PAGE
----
Western Wilderness

The scenic and historic Western Wilderness spans from entry points at Smithton in the north, Waratah in the east and Queenstown in the south. This area boasts the magnificent Franklin - Gordon Wild Rivers National Park in the South and in the North, the Tarkine, home to rich aboriginal history and Australia's oldest trees. The scattered towns offer friendly accommodation, fantastic tours and cultural dining experiences. This region is home to our wildest weather and picturesque Tasmanian landscapes.



Smithton is the commercial centre of the North West Coast and the last stop before Arthur River – and the beginning of the Tarkine wilderness. Surrounded by lush green fields fed by the rains of the Roaring Forties, Smithton has plenty of in-town and nearby attractions. Get an overview of the North West Coast on a scenic flight or take a tour of the Tarkine and surrounds.



Bring your board to this favourite destination for surfing – experience the Rip Curl West Coast Classic each year on the March long weekend. Overlooking the Southern Ocean, the small community of Marrawah is a great place to rest before the most interesting and remote section of any North West tour – the Western Explorer Highway south to Corinna, Zeehan and Strahan. Apart from the surf, enjoy cray fishing, abalone diving, cruising on the Arthur River and night tours to see Tasmanian devils on King’s Run wildlife reserve.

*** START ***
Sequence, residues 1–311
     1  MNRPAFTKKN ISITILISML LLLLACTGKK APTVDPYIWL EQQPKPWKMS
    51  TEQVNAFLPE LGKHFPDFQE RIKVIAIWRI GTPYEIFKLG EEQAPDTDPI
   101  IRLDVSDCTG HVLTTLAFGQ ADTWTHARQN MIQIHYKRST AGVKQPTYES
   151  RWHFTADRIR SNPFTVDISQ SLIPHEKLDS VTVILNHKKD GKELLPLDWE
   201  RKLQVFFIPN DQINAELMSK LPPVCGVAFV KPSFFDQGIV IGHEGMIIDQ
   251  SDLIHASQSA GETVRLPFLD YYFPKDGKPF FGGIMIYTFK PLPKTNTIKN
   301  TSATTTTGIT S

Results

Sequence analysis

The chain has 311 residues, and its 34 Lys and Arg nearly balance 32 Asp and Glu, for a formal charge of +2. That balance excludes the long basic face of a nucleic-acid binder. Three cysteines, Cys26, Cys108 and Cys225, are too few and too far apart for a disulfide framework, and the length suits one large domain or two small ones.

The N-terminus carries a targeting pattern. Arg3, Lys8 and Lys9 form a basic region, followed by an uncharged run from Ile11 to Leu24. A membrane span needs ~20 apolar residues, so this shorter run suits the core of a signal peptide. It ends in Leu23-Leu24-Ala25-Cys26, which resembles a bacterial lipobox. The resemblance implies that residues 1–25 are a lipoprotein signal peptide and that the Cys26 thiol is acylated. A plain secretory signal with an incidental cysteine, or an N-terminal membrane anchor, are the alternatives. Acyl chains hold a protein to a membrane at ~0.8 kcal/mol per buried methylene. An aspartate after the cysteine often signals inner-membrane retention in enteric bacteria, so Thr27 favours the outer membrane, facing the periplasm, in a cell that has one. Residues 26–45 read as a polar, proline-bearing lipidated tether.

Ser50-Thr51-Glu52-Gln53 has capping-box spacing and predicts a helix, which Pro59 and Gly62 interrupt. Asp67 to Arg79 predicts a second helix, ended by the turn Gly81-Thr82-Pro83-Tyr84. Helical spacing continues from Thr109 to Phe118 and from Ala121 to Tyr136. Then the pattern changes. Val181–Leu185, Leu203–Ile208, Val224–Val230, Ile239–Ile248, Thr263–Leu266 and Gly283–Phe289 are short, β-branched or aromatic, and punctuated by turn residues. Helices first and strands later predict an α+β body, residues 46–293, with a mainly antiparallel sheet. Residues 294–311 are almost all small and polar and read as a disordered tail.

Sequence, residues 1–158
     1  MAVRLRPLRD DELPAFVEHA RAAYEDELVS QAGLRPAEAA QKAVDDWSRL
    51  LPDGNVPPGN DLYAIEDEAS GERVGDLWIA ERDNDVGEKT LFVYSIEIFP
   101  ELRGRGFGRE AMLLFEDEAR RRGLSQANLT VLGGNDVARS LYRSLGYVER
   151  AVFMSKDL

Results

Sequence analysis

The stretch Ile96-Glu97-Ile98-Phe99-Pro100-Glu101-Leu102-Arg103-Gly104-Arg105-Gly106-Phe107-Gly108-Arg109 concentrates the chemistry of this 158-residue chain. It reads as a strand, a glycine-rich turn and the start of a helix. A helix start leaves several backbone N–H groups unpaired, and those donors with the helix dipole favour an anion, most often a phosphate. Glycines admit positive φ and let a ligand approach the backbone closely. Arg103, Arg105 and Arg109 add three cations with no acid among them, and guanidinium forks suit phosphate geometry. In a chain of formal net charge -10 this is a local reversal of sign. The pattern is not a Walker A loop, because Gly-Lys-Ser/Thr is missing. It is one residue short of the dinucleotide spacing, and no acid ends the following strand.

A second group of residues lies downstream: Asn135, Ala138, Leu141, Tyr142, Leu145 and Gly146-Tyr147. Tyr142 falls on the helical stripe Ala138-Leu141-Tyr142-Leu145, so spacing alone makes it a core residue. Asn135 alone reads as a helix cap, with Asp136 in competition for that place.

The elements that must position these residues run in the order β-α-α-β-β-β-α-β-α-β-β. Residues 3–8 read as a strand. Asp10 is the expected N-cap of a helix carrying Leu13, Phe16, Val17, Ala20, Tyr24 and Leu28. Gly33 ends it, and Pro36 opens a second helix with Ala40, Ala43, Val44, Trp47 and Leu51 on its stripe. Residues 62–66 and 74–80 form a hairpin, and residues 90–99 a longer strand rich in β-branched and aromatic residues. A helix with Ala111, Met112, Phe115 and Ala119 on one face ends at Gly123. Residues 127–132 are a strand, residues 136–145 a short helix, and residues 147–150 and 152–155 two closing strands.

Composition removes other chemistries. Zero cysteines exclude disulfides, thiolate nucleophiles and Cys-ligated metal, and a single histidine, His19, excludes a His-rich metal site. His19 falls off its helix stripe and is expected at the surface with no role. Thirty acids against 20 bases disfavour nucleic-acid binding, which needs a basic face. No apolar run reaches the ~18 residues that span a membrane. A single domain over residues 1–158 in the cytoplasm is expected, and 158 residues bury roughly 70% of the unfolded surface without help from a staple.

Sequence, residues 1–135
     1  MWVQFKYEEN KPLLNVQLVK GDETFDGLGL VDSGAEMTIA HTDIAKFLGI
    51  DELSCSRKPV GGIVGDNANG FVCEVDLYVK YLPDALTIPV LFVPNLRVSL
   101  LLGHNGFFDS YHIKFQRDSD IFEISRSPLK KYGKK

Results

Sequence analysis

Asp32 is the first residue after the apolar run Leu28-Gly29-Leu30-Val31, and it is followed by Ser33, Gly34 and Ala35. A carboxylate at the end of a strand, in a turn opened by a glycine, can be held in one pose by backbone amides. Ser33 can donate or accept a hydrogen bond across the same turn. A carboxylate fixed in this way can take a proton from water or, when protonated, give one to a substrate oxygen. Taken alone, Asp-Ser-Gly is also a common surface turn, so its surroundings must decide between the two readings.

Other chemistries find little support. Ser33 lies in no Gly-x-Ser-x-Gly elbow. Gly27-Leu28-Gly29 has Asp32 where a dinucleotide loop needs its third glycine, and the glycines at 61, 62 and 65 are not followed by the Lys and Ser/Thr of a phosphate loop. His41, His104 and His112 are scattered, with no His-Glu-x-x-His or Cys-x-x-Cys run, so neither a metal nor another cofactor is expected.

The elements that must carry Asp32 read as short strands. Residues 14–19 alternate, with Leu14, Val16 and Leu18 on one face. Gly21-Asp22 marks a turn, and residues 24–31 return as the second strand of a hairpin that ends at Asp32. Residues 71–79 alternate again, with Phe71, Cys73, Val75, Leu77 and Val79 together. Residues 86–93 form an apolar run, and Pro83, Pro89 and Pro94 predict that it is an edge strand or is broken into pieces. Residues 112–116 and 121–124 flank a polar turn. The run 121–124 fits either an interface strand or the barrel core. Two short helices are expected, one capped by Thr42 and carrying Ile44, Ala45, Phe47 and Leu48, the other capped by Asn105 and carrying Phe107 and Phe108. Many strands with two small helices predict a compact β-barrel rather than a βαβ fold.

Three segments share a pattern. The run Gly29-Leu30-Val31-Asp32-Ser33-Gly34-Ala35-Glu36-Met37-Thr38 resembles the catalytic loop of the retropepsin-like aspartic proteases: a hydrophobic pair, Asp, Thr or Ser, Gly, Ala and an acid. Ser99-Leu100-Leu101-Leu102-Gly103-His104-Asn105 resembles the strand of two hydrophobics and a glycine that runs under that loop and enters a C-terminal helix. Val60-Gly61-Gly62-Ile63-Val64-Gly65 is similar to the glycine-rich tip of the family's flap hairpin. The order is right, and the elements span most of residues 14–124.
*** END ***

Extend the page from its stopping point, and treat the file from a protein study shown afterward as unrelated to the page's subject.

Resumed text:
Corinna Wilderness

Corinna is a remote historic mining town, now an eco-tourism haven set in pristine rainforest surrounded by stunning wilderness and great nature experiences. It sits at the southern end of the Tarkine Wilderness Area, and among rainforest on the banks of the majestic Pieman River. Here, nature is the star and the old-growth rainforest is a living link with the ancient supercontinent Gondwana. There are some iconic walks, from the accessible Huon Pine Walk to the more challenging Savage River, Whyte River and Mount Donaldson walks. These offer magnificent wilderness views.

Arthur River

Arthur River